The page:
Texas has a flavor of country music all its own. It’s tradition in pride and loyalty by fans is special by all means. When a Texas FFA girl introduced me to Kyle Park’s music while visiting her in Austin in 2010, I was forever a fan. Eight years later, I finally made the trip to Fort Worth to see Kyle in concert and better yet, interview him on how he has evolved as an artist in his music, his journey across the Lone Star state and beyond.
Walking back stage at Billy Bob’s Texas was like stepping back in time to see all the great country music artists who had performed on stage including Kyle Park. Kyle told the audience during his show how much it meant to him to have his name on the wall back stage. We sat down to talk about his start in music, song writing process, his advice and exciting plans for the year ahead.
Q. Take me back to the beginning of your career, tell me how you found your love and talent for music and decided to make it a career aspiration?
A. “I took guitar lessons when I was about 9 or 10. It was like two lessons; I didn’t like guitar. My dad passed away when I was 12, then when I was 14 I picked up the guitar again. It was maybe out of boredom because I lived in the country with no driver’s license, so I was stuck at the house. The first song I played was a Chris LeDoux song called ‘Seventeen’. I played it for my cousin and he said it was really cool, that I should learn to play guitar, so I did. I loved music, but there were no musicians in my family. I think my love for country music came out of the challenge. It was so hard at first; I remember playing for 56 minutes out of every hour for 8 hours a day for 6 to 8 months.”
“I think my love for country music came out of the challenge. It was so hard at first; I remember playing for 56 minutes out of every hour for 8 hours a day for 6 to 8 months.”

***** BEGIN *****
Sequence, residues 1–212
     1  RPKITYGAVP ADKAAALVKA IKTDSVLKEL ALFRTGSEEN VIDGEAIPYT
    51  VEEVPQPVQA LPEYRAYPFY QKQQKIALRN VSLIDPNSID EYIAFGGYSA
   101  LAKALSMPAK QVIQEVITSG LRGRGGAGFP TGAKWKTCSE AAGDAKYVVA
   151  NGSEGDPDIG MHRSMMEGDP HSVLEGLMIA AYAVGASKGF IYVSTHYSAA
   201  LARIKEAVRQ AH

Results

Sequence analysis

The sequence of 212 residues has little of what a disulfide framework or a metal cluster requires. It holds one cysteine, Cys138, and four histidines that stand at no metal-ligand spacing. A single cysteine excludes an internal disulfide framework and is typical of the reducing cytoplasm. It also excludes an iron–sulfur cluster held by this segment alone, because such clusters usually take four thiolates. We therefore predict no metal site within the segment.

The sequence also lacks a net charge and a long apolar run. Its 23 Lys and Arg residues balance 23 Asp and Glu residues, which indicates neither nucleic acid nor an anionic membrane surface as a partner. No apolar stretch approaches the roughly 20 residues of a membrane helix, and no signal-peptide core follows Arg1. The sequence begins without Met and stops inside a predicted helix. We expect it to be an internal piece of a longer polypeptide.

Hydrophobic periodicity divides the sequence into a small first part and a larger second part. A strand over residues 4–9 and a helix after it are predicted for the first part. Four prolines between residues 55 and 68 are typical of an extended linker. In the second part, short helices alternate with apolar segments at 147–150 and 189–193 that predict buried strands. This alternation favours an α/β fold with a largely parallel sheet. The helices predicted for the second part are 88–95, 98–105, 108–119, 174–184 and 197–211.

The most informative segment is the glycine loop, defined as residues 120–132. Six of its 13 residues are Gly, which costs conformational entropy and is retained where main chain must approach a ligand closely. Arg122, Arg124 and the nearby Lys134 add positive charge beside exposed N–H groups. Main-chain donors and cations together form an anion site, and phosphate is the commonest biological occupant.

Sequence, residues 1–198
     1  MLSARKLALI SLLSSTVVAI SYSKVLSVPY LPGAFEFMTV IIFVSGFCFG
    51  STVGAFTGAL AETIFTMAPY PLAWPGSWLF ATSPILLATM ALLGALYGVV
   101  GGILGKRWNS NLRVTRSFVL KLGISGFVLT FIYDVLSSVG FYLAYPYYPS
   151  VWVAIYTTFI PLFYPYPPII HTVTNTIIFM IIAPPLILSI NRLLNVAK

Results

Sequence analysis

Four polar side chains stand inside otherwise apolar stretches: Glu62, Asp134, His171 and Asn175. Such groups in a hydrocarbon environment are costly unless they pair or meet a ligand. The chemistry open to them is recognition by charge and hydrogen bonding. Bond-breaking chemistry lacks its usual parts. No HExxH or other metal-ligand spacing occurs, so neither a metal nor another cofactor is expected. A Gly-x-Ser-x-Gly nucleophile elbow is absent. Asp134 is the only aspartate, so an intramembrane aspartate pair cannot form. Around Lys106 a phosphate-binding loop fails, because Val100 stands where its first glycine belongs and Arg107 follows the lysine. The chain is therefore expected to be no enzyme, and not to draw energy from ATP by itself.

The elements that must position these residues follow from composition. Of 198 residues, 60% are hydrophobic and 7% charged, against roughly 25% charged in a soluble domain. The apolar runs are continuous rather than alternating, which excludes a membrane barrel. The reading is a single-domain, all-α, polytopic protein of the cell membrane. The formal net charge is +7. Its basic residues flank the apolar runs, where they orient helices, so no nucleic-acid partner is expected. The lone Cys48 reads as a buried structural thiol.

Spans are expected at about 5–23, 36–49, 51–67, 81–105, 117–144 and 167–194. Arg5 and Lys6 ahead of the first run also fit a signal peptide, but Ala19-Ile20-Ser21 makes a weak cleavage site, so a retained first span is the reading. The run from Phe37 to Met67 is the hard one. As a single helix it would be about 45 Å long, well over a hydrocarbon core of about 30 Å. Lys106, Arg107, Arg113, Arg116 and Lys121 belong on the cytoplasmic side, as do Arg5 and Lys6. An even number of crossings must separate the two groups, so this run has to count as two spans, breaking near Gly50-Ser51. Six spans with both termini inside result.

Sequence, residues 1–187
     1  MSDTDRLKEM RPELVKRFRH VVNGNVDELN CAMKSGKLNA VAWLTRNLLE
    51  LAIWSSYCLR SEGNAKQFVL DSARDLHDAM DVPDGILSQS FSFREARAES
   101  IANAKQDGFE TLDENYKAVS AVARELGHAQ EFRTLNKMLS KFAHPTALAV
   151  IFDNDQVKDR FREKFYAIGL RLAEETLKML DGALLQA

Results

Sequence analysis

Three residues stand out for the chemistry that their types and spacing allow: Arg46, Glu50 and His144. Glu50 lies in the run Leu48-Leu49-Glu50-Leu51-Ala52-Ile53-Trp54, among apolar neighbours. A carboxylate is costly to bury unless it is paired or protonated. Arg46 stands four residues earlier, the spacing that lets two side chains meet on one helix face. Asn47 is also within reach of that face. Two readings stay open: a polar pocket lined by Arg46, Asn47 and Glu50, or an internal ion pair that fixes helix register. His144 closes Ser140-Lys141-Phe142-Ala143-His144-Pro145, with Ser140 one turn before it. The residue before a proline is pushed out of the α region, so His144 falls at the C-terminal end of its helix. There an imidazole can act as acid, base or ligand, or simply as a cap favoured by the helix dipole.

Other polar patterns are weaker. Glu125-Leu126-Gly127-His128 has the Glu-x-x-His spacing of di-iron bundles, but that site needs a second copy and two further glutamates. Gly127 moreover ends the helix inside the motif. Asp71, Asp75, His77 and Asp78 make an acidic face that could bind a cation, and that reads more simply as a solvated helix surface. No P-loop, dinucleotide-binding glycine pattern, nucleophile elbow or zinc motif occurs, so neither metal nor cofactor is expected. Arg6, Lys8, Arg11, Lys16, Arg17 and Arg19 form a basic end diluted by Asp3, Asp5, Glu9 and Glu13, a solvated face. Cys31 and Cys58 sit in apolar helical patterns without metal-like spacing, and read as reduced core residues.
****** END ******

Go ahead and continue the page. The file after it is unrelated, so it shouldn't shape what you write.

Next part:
“When I was 16 I got the guts to play in front of a garage band full of my buddies. I loved singing, but I was scared to sing and someone say that wasn’t very good. When they said I was good and asked me to sing another one, it relaxed me and I started writing my own songs. When I was 17, I did nothing but guitar playing and singing. I took my guitar to the cafeteria at school and played parties. When I was 20 I put my band together and here we are 12 years later.”
Q. Who’s your biggest musical influence?
A. “My biggest influences are George Strait, Clint Black, Mark Chesnutt and 90’s country guys. Chris LeDoux is a big influence because his style is unique. I also find out their influences are Merle Haggard, and I love him too. Then I find out Merle’s influences are Bob Wills & His Texas Playboys and I love them too. It’s funny how with my influences, I like their influences and they like their influences.”
Kyle went from playing his influences’ songs to opening up for them!
Q. What was the inspiration for your latest project? What does it mean to you to share the message of “Don’t Forget Where You Come From”?
A. “That song is autobiographical to me because I did loose my dad when I was young. He didn’t work in the oil field; he was a plumber. I didn’t want to be a plumber, but if music hadn’t worked out for me, I know I would have been back at home taking over the plumbing company for my dad. That song reminds me of him so much. When we wrote the lines ‘Pray out loud, makes us proud, and don’t forget where you come from,’ we thought this is something we will tell my kids. It’s important to not do things your parents wouldn’t approve of. For me, in my music career and in this new album especially, I haven’t forgotten where I come from. This current record is absolutely me, and this song is the definition of the record.”
“In my music career and in this new album especially, I haven’t forgotten where I come from. This current record is absolutely me, and this song is the definition of the record.”